The Road to E-Commerce

July 1, 2000
Schools and universities are beginning to turn to the Internet to help improve business and facilities operations.

It's the year 2000, and nearly every public school has access to the Internet. Students can unearth obscure data from far-flung websites, chat with new friends on the other side of the world, and bring an unending flow of global resources to their classrooms.

You couldn't fault school administrators if they looked at this technological cornucopia and wondered, "Why do students get all the fun?"

But they won't be saying that for long. The tidal wave of technology that classrooms are surfing into the 21st century is taking school business offices along for the ride. Just as the Internet has shrunk the world for students seeking information, it can bring isolated markets together for administrators who are responsible for buying the supplies and equipment that keep schools and universities running.

Purchasing officials for schools and universities can search the Internet and find a plethora of websites geared specifically to the education market-some are new businesses created online; others are longstanding vendors that have begun to dip their toes into e-commerce.

Because these businesses are web-based, schools need only a computer with Internet access and a browser to make purchases. The services typically are free to schools-the companies make money by charging the vendors.

Most of these online businesses are in their infancy, but if they perform as promised, they can provide great benefits to budget-conscious schools and universities: more options, better prices, speedier delivery and less bureaucracy.

"There are a lot of sites and a lot of stiff competition," says Mike Kovalchik, senior director of business operations for the San Juan Unified School District in Carmichael, Calif.

An inefficient system The campaign in recent years to bring computers and the Internet to schools has focused on student needs. But as technology has become more advanced and cheaper, school business offices are likely to be connected to the Internet as well. So it was inevitable that companies would try to lure schools-and the billions of dollars they spend-to follow the rest of the business world online and explore the feasibility of acquiring goods and services electronically.

Most school officials involved with purchasing concede that the existing process is often riddled with red tape and can be improved.

"It's one of the things we never looked at," says Daniel Corazzi, superintendent of the Valley View School District in Archbald, Pa.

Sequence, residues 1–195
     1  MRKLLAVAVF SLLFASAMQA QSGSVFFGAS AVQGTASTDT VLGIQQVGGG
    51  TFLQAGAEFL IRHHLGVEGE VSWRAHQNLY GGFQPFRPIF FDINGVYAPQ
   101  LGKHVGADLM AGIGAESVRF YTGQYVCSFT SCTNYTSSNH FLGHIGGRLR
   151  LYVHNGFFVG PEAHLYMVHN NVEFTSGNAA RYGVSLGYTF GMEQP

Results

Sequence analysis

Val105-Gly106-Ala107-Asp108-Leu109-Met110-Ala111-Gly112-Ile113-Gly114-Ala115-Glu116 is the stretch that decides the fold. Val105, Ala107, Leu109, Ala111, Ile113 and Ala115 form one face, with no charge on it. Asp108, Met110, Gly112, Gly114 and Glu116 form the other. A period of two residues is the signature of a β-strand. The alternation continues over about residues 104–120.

"We're faced with so many other things that are more serious. So we've accepted what's there."

What's there is a haphazard, labor-intensive and time-consuming process involving lots of paper shuffling.

"Teachers who need something grab the first catalog they see," says Corazzi. "It may not be the best price, or exactly what they want. The price may not even be current."

A teacher might fill out a form that goes to the school's secretary, then to the principal, then to one or more people in the purchasing office before the order is processed and sent to the company. At any point along the way the orders might sit on someone's desk for a day or two, or get misplaced.

If the price turns out to be wrong, the teacher might have to start again from scratch.

For more expensive items, schools often require at least three price quotes before making a purchase. Typically, employees would have to call or fax prospective vendors to solicit quotes. The most expensive purchases require competitive bids (the threshold varies from district to district and state to state). That involves even more steps.

At the San Juan district, with about 48,000 students, staff process approximately 17,000 purchase requests a year. About 80 percent of those are for less than $1,000.

"There is a horrendous amount of paperwork," says Kovalchik. The paperwork and the staff needed to process it make the procedureexpensive-and the cost is there whether the purchase order is for a few dollars or several thousand.

Surfing for deals Purchasing online not only can speed up the process, but also removes geographical barriers.

Gerald Witte, technology director for the Winner, S.D., School District, says he makes 90 percent of his purchases online. His rural location doesn't limit him as he browses for products on several sites.

"I can have anything I want in two to three days," says Witte. "I haven't had a bad experience yet with e-commerce." Websites provide schools with more options and often lead to better prices.

"We're out here in South Dakota in a remote area," says Witte. "We don't have an Office Max right across the street. Price is the biggest issue."